Kodokan Judo Throwing Techniques

  • Toshiro Daigo
Kodokan Judo Throwing Techniques

Size: 267×198 mm, 990 g
Binding: Hardcover
Pages: 288
1200 photos, and 80 illustrations
ISBN10: 4-7700-2330-8
ISBN13: 978-4-7700-2330-8
Release date: Aug. 1, 2005

List price: $40.00

Buy online:

Throughout the long history of Japan’s martial traditions, judo has evolved into one of the nation’s richest and most revered cultural legacies. The vast array of judo techniques has branched out into three distinct categories: throwing techniques, grappling techniques, and striking techniques. Of these, throwing techniques (nage-waza) represent some of the most dynamic and compelling aspects of this world-famous martial art.

Recent developments in competition (shiai) and free practice (randori) have seen an increase in the number of forms of nage-waza, leading to often confusing interpretations of the techniques’ names. The purpose of this book, therefore, is to provide a comprehensive and correct classification of nage-waza terminology as used in both competition and practice. All the sixty-seven official Kodokan throwing techniques and their various forms are explained thoroughly and concisely, and over 1,800 photographs accompany the text to provide the reader with the most comprehensive guide to judo’s throwing forms to date.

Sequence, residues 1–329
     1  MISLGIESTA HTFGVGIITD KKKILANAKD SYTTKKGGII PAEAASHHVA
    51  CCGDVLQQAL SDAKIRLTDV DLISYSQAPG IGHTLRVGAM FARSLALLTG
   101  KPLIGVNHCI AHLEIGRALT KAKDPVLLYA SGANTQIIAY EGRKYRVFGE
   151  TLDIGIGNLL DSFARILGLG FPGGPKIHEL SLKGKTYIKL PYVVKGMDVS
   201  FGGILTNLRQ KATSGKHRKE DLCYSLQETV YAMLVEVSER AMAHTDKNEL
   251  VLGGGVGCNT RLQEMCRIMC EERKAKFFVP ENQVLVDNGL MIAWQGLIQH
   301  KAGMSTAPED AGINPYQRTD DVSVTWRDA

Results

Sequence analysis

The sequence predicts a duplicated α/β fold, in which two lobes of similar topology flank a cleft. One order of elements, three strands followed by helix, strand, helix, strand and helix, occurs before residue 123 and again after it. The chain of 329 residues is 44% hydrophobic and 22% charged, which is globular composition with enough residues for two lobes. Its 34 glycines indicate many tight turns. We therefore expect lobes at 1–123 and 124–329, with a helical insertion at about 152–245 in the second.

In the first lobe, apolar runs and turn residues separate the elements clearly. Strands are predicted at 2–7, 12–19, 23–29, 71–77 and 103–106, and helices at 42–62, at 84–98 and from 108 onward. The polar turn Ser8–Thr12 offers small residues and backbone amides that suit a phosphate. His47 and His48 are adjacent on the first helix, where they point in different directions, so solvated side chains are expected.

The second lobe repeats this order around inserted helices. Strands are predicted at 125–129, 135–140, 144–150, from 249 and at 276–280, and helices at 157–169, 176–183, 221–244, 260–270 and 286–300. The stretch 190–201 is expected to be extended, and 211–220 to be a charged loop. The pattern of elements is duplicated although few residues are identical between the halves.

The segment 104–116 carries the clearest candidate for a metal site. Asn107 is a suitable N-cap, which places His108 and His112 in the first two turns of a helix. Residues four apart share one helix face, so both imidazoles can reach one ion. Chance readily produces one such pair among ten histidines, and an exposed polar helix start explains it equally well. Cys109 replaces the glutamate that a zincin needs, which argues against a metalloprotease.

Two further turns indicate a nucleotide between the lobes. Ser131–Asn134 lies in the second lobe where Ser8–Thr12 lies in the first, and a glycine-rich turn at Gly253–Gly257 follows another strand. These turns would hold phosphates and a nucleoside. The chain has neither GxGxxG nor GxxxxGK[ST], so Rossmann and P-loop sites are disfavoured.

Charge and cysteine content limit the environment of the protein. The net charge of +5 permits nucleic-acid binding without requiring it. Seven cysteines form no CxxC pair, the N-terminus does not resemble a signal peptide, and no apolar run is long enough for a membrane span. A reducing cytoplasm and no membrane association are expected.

For many years author Toshiro Daigo has held the prestigious position of chief instructor at the Kodokan, regarded as the mecca for all judo enthusiasts, and this book is the result of painstaking research into the constantly changing forms of judo's nage-waza. It will be an invaluable resource for practitioners everywhere.

 


Reviews
 

“Daigo’s book involves a revision of existing techniques that were re-classified, as well as some changes that were made by the Kodokan....Kodokan Judo Throwing Technique is a great source and reference for experienced judoka and easy enough to follow even for beginners.”
BookLoons.com

 


About the author
 

TOSHIRO DAIGO was born in 1926. He graduated from the Tokyo University of Education, and later became the judo champion of Japan in 1951, 1952, and 1954. He has been the chief instructor at the Kodokan for many years, and was the manager of the Japanese judo team at the 1976 Olympic Games in Montreal, and at the 1984 Olympic Games in Los Angeles. In 1992 he received the rank of Kodokan 9th dan. He has published several textbooks on judo in Japanese.